So she kind of has this mission the whole way along. She wants to make sure he doesn’t seduce or rape anybody else and secondly, and this is what I think is so interesting about her, she wants to change him even though she’s been so badly hurt by him. She doesn’t give up. Her very last entrance, she says, “This is the ultimate proof of my love for you. Change your life, get your act together.”
So her storyline is kind of this double-edged thing of wanting to prevent any further disaster for anybody else but also to change him and have him come back to her. So she’s very…I think, it’s interesting that she just doesn’t give up until the very end when he’s dragged down into hell.
What makes the role difficult is her emotion and that her music can be very intense. It’s a long opera and you have to pace yourself. You have to leave room for character development even though, like every step of the way, it seems too easy to be intense. I think finding the moments of vulnerability for her and finding when you can take it down a notch are really important to balancing out the character so it’s not just this kind of firestorm the whole way through.
How do you personally react to that aspect of her character? Do you feel sympathy toward her or do you feel her mission reflects a tragic flaw?
I definitely feel sympathy towards her. I don’t want to say anything too stereotypical or sexist but I kind of think it’s part of being a woman is, I don’t know, the struggle of following the facts versus letting your emotions get involved. I think it’s just part of her struggle as a woman, especially a woman of that time, suffering a betrayal but wanting him, wanting to fix him to make it the thing that makes [her betrayal and suffering] okay as opposed to her just moving on, distancing herself from him. I think that’s really interesting as a woman of the time and class that she would take the initiative to go out and find this man who wronged her and try to make it right. So I think she’s very strong but she’s interesting because she evaluates her own emotions, has conflict, she wants so badly for Giovanni to be the man she thinks he could be. I hate to say she takes on a project, but he’s a project. I definitely feel connection and sympathy for her.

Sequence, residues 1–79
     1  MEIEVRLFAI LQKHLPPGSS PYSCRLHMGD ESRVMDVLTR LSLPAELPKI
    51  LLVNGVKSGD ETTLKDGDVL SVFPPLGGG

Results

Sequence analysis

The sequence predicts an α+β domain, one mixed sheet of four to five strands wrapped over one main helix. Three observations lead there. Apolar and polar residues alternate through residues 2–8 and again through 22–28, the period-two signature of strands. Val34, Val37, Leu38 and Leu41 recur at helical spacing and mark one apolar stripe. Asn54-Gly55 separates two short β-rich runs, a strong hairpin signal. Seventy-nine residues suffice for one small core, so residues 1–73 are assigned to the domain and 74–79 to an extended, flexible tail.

How do you prepare to step into the heart and soul and mind of a character?
I usually start with the text. I read the libretto, translate it, get a sense of how the character speaks, what their vocabulary is. In the first recitative that Elvira has, she goes on for two pages, ripping Giovanni a new one. Leporello says it sounds like she’s reciting this out of a book. So you pick up cues from what the other characters say about you.